Conductive Hearing Loss: Signs, Causes, and Treatments

Conductive Hearing Loss: Signs, Causes, and Treatments

Dr. Steinberg

Dr. Steinberg has been treating individuals with hearing loss, tinnitus, and other auditory conditions for over ten years. Prior to founding Elite Hearing Center he was director of audiology at Chicago ENT, a prestigious Ear, Nose, and Throat Practice. During his doctorate level training at Rush University, he worked closely with Dr. Patricia McCarthy, a world-renowned expert in auditory rehabilitation. He has presented in state and national conventions in the areas of auditory rehabilitation and hearing instrument technology. He has worked with top auditory researchers in the industry developing advanced technology used in today’s most sophisticated hearing instruments.
Dr. Steinberg

There are three forms of hearing loss, Conductive, Sensorineural, and Mixed. In this article, discussion will focus on a common form of hearing loss: conductive. First, we will define conductive hearing loss. Next, an overview will be provided of signs, symptoms, and causes of conductive loss. Finally, treatment options will be reviewed.

Understanding Conductive Hearing Loss

Conductive hearing loss is one of the most common forms of loss and is explained as a loss of hearing due to the obstruction of the outer or middle ear. It occurs when sounds waves are not properly transmitted along the pathways of the outer ear, tympanic membrane, or the middle ear, into the inner ear. Sounds are often reduced to a whisper, affecting loudness but not clarity. While loss of hearing is most likely temporary with a conductive loss, if left untreated hearing loss could be permanent.

Knowing the signs, symptoms, and causes of conductive loss is important in maintaining optimum hearing health. Signs and symptoms of a conductive loss may present in the following ways, difficulty hearing speech, pain or pressure in one or both ears, your own voice may sound different, a strange odor or fluid discharge may be present, or it may be easier to hear out of one ear than it is the other. When these symptoms present it is important for you to contact us at Elite Hearing to ensure the underlying cause is identified and further damage does not affect your hearing health.

 Causes & Treatments for Conductive Hearing Loss

Causes and treatment of a conductive loss vary greatly. Causes can be as simple as the buildup of wax or cerumen in the ear canal, an object stuck in the ear canal, or swimmers’ ear. In some instances, these conductive losses of hearing can be rectified in the comfort of your own home. For example, in the instance of wax build up, proper hygiene and removal tools can remove the excess wax and restore hearing. In other instances, such as swimmers’ ear, a trip to the doctor may be necessary in order to resolve loss. Additional causes of conductive loss are listed below and may need more advanced treatment to resolve.

The most common cause of a conductive loss is a middle ear infection, also known as Otitis Media. Fluid builds up in the ear, causing the middle ear to swell. When this symptom occurs, pressure can no longer equalize between the middle and inner ear. If left untreated, fluid will continue to build up behind the middle ear and press on the eardrum. The eardrum can do nothing else other than swell like a balloon and pop, releasing fluid, and equalizing pressure. When a perforated ear drum heals, scar tissue forms over the hole in the eardrum. This in turn could result in a loss needing supportive treatment such as hearing aids.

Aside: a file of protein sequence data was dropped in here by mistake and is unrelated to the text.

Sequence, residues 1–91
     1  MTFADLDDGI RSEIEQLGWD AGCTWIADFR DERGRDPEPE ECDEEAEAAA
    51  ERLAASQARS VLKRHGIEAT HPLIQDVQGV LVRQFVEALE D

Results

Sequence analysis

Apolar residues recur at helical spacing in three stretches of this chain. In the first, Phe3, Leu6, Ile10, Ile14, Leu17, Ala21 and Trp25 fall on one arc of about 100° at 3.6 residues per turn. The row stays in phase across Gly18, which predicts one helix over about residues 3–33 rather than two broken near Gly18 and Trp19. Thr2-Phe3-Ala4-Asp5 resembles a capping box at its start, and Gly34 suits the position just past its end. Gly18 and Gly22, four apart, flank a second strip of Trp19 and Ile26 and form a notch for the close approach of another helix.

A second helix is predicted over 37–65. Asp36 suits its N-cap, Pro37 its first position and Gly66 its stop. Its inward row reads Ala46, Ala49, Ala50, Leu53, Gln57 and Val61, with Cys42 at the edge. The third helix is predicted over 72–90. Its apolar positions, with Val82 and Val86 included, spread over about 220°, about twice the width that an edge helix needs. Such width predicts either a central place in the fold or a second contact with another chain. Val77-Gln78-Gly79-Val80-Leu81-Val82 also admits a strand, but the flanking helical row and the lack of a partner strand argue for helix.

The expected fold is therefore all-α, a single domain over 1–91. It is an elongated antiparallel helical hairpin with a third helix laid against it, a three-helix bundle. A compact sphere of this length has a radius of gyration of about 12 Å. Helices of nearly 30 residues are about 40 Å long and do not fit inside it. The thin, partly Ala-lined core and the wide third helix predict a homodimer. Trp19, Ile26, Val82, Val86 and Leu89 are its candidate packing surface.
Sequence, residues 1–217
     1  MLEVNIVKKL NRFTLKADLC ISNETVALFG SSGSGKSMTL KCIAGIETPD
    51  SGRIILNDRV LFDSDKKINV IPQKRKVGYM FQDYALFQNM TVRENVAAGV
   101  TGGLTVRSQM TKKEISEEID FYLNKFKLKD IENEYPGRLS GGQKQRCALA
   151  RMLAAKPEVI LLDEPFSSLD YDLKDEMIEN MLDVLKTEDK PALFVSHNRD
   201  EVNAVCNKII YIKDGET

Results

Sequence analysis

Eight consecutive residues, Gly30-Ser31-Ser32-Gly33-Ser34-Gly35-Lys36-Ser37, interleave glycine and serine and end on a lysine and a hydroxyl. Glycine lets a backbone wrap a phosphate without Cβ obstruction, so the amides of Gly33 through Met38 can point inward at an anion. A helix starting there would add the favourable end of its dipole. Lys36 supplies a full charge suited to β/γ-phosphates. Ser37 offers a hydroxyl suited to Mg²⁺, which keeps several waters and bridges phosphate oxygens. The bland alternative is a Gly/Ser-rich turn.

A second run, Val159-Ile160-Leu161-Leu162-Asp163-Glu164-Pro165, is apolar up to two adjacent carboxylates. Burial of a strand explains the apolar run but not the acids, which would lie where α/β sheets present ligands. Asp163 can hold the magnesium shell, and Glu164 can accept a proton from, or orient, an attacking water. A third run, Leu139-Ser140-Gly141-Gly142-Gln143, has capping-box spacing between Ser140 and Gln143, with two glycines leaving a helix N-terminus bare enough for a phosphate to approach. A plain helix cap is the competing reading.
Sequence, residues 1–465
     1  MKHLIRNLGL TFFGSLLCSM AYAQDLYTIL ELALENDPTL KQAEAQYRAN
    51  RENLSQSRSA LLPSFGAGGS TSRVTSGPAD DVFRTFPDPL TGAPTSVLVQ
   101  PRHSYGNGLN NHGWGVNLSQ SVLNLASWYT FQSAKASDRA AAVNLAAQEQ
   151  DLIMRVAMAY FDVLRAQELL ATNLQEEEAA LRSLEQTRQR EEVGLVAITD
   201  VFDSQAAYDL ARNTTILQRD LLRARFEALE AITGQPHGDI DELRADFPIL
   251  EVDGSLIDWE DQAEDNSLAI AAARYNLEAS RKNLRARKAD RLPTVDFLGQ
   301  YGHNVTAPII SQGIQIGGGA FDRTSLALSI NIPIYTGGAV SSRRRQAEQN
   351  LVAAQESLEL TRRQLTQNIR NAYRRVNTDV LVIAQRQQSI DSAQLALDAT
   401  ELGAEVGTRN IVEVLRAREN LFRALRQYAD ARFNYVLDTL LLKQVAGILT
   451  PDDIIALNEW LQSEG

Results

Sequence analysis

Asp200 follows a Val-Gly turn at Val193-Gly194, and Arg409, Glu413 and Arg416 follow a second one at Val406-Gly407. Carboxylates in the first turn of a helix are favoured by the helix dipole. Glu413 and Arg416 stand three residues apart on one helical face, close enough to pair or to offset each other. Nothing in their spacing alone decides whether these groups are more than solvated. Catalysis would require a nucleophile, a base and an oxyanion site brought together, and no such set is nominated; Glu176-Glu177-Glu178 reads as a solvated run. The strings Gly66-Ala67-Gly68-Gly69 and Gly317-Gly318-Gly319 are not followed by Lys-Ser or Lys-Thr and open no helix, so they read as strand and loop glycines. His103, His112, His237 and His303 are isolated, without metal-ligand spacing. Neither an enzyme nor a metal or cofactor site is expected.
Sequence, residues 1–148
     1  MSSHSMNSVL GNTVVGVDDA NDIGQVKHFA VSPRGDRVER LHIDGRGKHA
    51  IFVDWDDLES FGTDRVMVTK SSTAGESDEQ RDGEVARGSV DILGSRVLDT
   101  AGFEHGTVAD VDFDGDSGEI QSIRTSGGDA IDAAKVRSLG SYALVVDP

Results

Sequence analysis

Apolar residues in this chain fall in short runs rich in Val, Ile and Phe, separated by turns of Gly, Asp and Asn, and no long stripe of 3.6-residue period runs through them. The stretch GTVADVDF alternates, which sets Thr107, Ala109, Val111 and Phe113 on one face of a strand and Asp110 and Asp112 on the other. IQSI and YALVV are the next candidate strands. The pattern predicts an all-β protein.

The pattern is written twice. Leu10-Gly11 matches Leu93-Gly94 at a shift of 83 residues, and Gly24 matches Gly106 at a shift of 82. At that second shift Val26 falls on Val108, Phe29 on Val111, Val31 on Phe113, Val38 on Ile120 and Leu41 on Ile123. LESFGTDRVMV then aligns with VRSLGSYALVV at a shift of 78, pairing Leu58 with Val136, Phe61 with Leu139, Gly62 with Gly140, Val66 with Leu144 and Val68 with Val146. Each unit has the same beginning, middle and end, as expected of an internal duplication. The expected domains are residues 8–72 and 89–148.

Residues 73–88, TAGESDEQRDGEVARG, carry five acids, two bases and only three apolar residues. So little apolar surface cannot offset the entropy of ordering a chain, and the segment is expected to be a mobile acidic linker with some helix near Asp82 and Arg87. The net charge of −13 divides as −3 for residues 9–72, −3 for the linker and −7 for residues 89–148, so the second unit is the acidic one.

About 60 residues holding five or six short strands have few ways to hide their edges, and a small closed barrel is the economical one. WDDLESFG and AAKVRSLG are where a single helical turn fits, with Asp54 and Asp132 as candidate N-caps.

Otosclerosis, a hereditary condition, causes a conductive loss when abnormal bone growth occurs in the middle ear. Otosclerosis is diagnosed when the bones in the middle ear are unable to vibrate and transmit sound waves properly to the inner ear resulting in a conductive loss. In order to correct this condition, surgical treatment is recommended.

Finally, other conductive losses that deserve mentioning include loss caused by benign (non-cancerous) tumors, malformation of the outer, middle, or inner ear, congenital stenosis or atresia (narrowing) of the ear canal, and trauma to the ear. While these causes are rare, they do contribute to conductive loss of hearing.

Treating Conductive Hearing Loss

There are many options available today for treating hearing loss. Treatment for conductive loss depends upon the area of the ear affected and falls into three categories. Surgical treatment is most often used for head trauma, tumors, or correction of ear canal malformation. Pharmaceutical treatment is used for ear infections by prescribing antibiotics to reduce inflammation and kill bacteria. Finally, supportive treatment, such as hearing aids are utilized when surgical procedures are declined or sound needs to be amplified.

Hearing health is very important to monitor and should be screened annually by our team at Elite Hearing. Baselines should be acquired in order to understand future results in later life. Treating hearing loss is very important and effective treatment and management can improve or reverse conductive loss. Untreated hearing loss could lead to further irreversible damage.

Elite Hearing

If you’ve noticed changes in your hearing and are struggling with communication, contact us today. We provide comprehensive hearing health services and we’re here to help!